Few have come to personify the city of Paris better than the artist Henri Toulouse-Lautrec, the vision he created in his intimate portraits of its dark hinterland and the many posters he designed to promote its best forgotten by those who frequented it nightlife is the Paris of popular imagination that endures to this day. It is also the work that has spawned a thousand imitators. 
He was born on 24 November 1864, the son of the Comte Alphonse Charles de Toulouse-Lautrec but being from a world of privilege did not protect the young Henri from the ravages of ill-health, disease, and disability. He had a genetic disorder that stunted his growth and left him with the legs of a child and the body of a man and standing at just 4’8” he was to become obsessed with what he considered his grotesque form and in particular his over-sized genitalia. 
Unable to participate in the manly pursuits expected of a young aristocrat, with the prospect of a good marriage slim, and a career in the army out of the question he indulged his passion for art and the talent he had, acknowledged from an early age, for drawing and illustration. 
By the early 1880’s he was living in Paris where his family connections had secured for him a place studying under the leading portrait artist Leon Bonnat and he studied long and hard; but he had also been absorbed by the city particularly drawn to the artistic milieu of South Bank cafe society and the nightlife of Montmartre which offered a world of fantasy and glitter, a theatre of non-conformity fuelled by alcohol and other stimulants. He felt at home in the company of exotic dancers, homosexuals, female impersonators, prostitutes and others who like himself were shunned by society. It was a place where a freak of nature as he often described himself would be accepted with little said. 
It wasn’t quite like that of course; he remained the subject of much mockery particularly from the many prostitutes he so adored who often had fun at his expense but then derision only implied intolerance beyond the confines of their own existence. 
They were freaks right enough and those who frequented their establishments hypocrites and he saw the moral bankruptcy of bohemian and hedonistic Paris as hnot dissimilar to the physical deformity he had to endure, something that at its heart lay a thing of beauty.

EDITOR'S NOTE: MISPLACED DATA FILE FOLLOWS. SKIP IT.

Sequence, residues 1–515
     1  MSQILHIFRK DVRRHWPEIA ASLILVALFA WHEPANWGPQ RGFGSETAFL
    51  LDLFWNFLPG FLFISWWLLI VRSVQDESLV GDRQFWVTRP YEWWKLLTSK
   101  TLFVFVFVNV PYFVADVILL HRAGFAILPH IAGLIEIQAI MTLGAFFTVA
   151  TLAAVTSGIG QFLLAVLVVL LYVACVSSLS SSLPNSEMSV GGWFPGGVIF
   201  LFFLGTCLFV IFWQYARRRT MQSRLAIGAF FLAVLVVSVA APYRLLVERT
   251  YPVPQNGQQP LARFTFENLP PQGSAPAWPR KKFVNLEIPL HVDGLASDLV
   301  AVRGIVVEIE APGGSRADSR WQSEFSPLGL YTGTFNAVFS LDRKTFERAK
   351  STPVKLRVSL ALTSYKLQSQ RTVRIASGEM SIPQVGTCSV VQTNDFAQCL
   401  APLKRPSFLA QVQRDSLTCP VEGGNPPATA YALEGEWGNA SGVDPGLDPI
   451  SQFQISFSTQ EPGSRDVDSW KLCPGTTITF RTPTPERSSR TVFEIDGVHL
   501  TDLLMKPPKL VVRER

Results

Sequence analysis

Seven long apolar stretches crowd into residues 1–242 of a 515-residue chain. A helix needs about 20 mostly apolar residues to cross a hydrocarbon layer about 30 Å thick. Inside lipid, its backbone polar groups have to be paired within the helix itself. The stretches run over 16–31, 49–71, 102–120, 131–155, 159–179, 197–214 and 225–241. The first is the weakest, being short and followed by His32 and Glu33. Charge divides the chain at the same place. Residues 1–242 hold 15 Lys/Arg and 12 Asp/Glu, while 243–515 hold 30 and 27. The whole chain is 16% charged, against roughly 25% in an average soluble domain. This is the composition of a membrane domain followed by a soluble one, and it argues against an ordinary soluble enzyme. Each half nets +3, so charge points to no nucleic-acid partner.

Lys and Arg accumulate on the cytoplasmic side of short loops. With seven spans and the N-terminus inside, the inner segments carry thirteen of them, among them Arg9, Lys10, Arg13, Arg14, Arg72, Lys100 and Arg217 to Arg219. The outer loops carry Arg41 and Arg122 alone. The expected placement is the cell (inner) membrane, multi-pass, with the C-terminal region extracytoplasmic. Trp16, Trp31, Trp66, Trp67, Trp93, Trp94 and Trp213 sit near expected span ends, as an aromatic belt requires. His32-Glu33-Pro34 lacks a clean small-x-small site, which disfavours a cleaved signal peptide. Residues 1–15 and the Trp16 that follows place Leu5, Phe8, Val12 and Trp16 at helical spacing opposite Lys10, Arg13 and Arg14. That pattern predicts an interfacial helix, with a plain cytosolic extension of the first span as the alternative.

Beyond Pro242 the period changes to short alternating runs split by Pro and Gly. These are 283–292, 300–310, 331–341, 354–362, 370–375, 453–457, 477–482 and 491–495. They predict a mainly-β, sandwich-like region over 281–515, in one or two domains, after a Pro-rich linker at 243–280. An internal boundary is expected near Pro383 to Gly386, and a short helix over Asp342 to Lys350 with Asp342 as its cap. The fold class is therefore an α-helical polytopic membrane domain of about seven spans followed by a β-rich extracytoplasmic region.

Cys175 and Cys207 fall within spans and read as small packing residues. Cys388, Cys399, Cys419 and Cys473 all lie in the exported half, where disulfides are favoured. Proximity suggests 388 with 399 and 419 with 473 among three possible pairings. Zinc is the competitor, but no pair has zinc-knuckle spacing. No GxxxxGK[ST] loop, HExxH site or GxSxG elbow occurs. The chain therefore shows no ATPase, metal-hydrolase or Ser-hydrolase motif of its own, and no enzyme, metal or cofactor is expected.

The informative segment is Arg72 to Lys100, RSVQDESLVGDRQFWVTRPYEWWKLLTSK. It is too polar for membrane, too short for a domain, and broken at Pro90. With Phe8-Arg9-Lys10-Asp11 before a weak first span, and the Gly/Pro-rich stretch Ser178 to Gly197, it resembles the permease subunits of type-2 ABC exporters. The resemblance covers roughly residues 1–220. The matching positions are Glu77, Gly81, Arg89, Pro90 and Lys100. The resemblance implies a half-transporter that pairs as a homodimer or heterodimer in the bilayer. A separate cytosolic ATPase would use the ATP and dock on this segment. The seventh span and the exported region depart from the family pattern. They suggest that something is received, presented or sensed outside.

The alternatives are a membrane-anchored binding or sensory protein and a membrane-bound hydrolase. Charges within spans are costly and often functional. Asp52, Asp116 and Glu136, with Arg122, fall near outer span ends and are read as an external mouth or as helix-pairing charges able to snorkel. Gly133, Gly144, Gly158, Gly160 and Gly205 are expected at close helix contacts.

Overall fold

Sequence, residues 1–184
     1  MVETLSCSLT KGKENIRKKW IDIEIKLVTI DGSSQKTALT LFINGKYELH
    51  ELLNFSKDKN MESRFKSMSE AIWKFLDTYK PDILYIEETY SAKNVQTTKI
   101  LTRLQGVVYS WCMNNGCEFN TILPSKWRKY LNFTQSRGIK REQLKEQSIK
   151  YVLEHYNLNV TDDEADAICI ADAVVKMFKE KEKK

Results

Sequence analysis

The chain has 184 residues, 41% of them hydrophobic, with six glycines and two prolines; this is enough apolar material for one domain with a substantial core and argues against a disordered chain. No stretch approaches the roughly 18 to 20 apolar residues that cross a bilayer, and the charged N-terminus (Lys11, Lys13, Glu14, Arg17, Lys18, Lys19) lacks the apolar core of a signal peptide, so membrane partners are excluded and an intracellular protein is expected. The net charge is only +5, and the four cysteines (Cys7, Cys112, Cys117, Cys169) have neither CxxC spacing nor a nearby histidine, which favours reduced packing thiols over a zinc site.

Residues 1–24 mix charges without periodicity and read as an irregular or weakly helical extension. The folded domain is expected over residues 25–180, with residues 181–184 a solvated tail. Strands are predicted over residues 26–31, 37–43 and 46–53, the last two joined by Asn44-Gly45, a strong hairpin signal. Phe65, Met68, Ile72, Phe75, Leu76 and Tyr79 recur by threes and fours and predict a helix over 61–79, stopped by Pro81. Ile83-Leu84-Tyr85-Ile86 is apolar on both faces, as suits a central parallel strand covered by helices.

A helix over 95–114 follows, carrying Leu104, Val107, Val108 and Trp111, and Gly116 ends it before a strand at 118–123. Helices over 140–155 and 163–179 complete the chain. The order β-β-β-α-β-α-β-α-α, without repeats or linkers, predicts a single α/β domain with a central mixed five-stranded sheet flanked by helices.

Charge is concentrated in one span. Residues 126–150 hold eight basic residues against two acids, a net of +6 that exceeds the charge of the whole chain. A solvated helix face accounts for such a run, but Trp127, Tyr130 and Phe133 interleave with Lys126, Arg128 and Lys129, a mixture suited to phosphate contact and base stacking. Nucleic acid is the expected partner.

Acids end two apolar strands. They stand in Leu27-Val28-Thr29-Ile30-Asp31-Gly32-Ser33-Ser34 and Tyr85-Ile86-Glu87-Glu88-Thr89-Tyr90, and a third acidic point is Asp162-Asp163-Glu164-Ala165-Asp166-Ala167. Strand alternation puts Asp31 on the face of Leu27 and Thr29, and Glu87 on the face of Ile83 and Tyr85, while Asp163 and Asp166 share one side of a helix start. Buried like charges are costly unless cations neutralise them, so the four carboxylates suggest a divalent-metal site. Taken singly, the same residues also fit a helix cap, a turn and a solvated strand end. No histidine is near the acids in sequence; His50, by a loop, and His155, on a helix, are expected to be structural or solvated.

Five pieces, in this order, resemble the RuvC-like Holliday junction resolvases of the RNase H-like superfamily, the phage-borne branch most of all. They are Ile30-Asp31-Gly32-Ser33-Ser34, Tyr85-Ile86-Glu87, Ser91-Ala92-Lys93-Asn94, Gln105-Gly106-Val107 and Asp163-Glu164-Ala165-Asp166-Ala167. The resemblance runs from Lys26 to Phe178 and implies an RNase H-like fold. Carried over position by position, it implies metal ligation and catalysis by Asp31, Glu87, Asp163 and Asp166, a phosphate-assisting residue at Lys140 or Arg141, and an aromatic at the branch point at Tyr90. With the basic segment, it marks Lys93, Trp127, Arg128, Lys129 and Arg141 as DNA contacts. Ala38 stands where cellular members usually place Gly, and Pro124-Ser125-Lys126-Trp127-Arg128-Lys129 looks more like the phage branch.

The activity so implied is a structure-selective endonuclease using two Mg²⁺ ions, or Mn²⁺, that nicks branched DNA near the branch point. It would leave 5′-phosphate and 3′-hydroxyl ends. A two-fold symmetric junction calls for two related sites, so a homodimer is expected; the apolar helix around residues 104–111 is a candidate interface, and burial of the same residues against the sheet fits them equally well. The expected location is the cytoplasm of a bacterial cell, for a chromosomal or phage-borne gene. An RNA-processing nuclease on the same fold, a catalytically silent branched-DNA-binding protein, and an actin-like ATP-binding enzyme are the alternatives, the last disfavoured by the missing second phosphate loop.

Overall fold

Art and prostitutes were his life and alcohol the fuel that sustained it. 
His love of the Green Fairy, or Absinthe, the supposedly hallucinogenic spirit is well known but he was no less fond of wine, whisky and beer, and he would drink throughout the day and long into the night even hollowing out the inside of his cane so he could have suitable libation with him at all times. 
But his alcoholism did not seem to affect the quality of his art or slow his prodigious output and in 1891 he was commissioned to produce a poster for the recently opened Moulin Rouge featuring its star can-can dancer, La Goulue. 
It was a success and similar commissions soon followed for the Folies Bergere and other cabaret venues around the city. Indeed, it is the posters that so evocatively captured La Belle Epoque that Lautrec is best remembered today turning as they did the poster into an art form to be widely copied. They helped to portray Paris as the city of indulgence and love without parallel anywhere in the world. 
Yet it is in his paintings so simplistic in their beauty that his true genius lay portraying with delicate brushstrokes and a lightness of touch such great sensitivity for his subjects in particular the intimate relationship of women to their bodies and each other. 
Henri Toulouse-Lautrec died on 9 September 1901, aged just 36 as a result of complications arising from syphilis and alcoholism. But Paris remains eternal – the City of Light and the City of Toulouse-Lautrec. 
Tagged as: Art
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